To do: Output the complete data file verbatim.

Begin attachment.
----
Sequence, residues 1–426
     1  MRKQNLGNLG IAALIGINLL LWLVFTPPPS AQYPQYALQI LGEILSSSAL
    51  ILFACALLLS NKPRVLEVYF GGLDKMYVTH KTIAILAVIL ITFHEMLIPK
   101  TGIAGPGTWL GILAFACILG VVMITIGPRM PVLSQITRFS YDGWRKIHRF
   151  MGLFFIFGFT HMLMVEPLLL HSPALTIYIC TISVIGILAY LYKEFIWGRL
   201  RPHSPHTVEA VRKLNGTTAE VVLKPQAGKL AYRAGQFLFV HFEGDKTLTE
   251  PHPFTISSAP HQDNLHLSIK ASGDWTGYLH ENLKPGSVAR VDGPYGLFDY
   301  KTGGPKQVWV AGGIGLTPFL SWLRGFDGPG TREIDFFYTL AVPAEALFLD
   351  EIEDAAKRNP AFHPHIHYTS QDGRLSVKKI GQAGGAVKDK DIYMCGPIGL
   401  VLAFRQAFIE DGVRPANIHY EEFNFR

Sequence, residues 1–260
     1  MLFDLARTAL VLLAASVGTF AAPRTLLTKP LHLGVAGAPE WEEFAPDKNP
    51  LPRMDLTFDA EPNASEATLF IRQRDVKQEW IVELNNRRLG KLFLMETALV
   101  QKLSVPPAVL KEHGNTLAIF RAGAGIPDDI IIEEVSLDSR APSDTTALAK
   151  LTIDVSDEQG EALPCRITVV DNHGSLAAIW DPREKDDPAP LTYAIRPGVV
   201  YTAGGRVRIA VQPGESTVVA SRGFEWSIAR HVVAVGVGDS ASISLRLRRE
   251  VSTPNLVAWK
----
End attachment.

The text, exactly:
Sequence, residues 1–426
     1  MRKQNLGNLG IAALIGINLL LWLVFTPPPS AQYPQYALQI LGEILSSSAL
    51  ILFACALLLS NKPRVLEVYF GGLDKMYVTH KTIAILAVIL ITFHEMLIPK
   101  TGIAGPGTWL GILAFACILG VVMITIGPRM PVLSQITRFS YDGWRKIHRF
   151  MGLFFIFGFT HMLMVEPLLL HSPALTIYIC TISVIGILAY LYKEFIWGRL
   201  RPHSPHTVEA VRKLNGTTAE VVLKPQAGKL AYRAGQFLFV HFEGDKTLTE
   251  PHPFTISSAP HQDNLHLSIK ASGDWTGYLH ENLKPGSVAR VDGPYGLFDY
   301  KTGGPKQVWV AGGIGLTPFL SWLRGFDGPG TREIDFFYTL AVPAEALFLD
   351  EIEDAAKRNP AFHPHIHYTS QDGRLSVKKI GQAGGAVKDK DIYMCGPIGL
   401  VLAFRQAFIE DGVRPANIHY EEFNFR

Sequence, residues 1–260
     1  MLFDLARTAL VLLAASVGTF AAPRTLLTKP LHLGVAGAPE WEEFAPDKNP
    51  LPRMDLTFDA EPNASEATLF IRQRDVKQEW IVELNNRRLG KLFLMETALV
   101  QKLSVPPAVL KEHGNTLAIF RAGAGIPDDI IIEEVSLDSR APSDTTALAK
   151  LTIDVSDEQG EALPCRITVV DNHGSLAAIW DPREKDDPAP LTYAIRPGVV
   201  YTAGGRVRIA VQPGESTVVA SRGFEWSIAR HVVAVGVGDS ASISLRLRRE
   251  VSTPNLVAWK